House Moves to Vote on Funding Bills for Fiscal Year 2022

Updated: Jul 23

Martha Newell-Kinsman, Executive Vice President


Next week, the House will begin voting on some of the 12 appropriations bills that together fund the federal government. With a slim majority, Democrats will have to carefully count votes before bringing any of the more controversial bills to the floor, including the Commerce-Justice-Science bill through which the National Oceanic and Atmospheric Administration, the National Science Foundation, and other important agencies are funded.


So - what is the process, what’s in these funding bills, and what can we expect going forward?


The annual appropriations cycle begins with the President submitting a budget request to Congress typically early in the year (which we’ve analyzed in previous blog posts). While that request helps to inform Congress of the President’s priorities, at the end of the day, Congress holds the purse strings of the government.


Congress is responsible for producing 12 appropriations bills to fund the government before funding runs out at midnight on September 30 each year. While these bills are primarily funding mechanisms, they also contain policy priorities and directives from Congress in the associated bill reports.

While Democrats hold the White House and both chambers of Congress, House Democrats hold a narrow three-seat majority, and the Senate is split down the middle with Vice President Kamala Harris serving as the tie-breaking vote. Congressional Democrats and President Biden have made climate change mitigation and resilience a top legislative priority, which is clearly reflected in the appropriations bills passed out of the House Appropriations Committee this past month.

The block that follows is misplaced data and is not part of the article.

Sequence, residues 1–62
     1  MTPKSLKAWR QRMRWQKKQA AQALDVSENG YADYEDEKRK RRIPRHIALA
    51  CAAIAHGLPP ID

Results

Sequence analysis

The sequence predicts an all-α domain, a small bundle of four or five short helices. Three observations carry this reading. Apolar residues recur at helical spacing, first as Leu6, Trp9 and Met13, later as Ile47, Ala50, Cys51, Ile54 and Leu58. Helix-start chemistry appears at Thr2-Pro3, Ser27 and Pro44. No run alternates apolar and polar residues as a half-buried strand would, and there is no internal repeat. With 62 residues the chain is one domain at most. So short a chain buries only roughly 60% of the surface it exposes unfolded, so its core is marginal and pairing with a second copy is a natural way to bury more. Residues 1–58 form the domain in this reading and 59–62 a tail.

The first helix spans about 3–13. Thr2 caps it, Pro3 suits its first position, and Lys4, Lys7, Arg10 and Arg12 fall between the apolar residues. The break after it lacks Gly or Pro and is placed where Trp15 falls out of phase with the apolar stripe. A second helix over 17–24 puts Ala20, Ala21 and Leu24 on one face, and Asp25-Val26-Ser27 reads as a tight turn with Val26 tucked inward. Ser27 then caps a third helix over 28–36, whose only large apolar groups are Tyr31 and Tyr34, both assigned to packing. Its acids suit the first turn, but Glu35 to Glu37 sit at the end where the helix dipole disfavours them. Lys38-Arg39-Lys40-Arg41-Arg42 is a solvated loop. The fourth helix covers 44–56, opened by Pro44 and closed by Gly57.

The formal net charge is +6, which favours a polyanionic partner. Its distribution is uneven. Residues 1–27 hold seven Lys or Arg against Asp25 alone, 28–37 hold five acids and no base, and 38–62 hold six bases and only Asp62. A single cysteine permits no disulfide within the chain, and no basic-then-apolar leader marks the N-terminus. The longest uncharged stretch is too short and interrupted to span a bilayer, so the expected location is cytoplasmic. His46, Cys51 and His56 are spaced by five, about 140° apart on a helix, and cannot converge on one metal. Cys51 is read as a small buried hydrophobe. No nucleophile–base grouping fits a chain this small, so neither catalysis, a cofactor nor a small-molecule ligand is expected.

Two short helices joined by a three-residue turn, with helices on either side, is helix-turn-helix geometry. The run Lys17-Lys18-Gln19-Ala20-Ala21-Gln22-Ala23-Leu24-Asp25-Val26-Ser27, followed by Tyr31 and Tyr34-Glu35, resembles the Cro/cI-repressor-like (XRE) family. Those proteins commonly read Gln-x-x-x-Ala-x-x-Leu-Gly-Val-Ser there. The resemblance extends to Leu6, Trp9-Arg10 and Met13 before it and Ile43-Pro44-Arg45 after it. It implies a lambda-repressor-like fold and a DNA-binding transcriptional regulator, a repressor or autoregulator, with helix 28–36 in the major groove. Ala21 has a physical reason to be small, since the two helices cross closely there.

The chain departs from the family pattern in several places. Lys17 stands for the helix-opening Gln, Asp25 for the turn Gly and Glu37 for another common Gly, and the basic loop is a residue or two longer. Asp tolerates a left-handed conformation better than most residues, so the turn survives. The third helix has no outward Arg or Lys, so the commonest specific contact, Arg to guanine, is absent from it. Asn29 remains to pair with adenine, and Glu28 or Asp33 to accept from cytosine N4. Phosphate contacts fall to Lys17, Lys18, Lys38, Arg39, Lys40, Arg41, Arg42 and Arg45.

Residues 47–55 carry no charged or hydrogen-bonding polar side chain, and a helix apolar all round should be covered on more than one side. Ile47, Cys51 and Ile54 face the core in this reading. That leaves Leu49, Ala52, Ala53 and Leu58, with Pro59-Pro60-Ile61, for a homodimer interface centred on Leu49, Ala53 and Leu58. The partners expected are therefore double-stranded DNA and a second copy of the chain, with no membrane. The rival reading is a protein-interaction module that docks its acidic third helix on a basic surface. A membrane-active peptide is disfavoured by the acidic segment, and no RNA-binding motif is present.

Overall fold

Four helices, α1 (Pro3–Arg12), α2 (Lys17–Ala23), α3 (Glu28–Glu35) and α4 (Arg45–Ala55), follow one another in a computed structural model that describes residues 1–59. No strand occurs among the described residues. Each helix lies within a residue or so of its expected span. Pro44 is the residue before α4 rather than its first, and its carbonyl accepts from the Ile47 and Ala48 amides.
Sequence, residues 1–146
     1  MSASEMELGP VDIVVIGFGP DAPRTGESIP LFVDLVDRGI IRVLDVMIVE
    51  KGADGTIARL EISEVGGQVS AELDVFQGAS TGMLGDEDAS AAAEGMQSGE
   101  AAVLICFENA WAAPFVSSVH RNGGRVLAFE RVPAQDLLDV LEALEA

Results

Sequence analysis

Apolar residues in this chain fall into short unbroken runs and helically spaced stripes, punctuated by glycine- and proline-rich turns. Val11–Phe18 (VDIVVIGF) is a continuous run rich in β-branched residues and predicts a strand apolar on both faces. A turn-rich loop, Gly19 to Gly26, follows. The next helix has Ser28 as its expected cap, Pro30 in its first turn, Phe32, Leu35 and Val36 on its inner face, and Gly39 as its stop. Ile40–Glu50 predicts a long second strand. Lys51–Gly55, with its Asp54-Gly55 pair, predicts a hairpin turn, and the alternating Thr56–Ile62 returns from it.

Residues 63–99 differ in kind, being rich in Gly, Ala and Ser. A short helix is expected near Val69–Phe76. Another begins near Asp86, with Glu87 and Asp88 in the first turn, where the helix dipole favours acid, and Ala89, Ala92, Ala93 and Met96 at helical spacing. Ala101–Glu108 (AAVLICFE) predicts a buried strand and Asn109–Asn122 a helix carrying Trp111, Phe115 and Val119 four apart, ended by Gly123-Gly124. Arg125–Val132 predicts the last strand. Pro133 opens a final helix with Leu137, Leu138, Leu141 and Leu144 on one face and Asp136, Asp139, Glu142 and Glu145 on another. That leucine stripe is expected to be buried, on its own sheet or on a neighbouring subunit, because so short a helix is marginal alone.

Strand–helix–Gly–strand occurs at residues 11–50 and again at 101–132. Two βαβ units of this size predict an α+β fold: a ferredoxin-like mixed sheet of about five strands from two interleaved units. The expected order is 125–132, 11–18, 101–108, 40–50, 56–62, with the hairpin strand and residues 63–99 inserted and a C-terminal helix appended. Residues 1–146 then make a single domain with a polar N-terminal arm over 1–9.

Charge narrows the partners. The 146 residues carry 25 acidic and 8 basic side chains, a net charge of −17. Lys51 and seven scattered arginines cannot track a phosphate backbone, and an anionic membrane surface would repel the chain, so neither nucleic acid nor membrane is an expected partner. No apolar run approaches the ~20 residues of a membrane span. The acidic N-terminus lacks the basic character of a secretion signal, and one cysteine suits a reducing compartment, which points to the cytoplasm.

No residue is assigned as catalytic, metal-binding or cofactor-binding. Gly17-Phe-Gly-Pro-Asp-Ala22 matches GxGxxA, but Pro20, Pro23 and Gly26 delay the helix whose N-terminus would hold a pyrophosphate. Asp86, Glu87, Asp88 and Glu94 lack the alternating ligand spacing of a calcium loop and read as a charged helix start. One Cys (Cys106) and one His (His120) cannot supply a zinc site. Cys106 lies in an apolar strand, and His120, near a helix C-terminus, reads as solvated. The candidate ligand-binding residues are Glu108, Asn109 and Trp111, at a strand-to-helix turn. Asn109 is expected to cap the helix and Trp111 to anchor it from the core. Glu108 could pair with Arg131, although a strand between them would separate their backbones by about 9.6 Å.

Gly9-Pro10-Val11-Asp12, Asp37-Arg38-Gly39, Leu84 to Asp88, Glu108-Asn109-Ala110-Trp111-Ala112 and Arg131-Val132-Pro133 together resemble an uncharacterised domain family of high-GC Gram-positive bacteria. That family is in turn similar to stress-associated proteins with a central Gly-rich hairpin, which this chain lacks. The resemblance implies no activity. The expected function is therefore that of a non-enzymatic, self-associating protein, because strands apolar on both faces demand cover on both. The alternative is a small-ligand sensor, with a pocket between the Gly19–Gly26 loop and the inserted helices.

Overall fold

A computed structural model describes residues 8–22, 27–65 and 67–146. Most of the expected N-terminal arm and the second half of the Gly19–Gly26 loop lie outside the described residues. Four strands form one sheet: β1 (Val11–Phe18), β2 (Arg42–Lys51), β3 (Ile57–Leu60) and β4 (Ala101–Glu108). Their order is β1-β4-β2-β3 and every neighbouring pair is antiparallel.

If passed, the House Fiscal Year 2022 (FY22) Commerce-Justice-Science (CJS) bill would provide $81.3 billion in total funding, an increase of 14% over FY21. While the Justice portion of CJS tends to include provisions that draw strong opposition from the minority party, or “poison pills”, the Commerce section, which funds NOAA, is largely noncontroversial and bipartisan. This year, the House Appropriations Committee recommended $6.5 t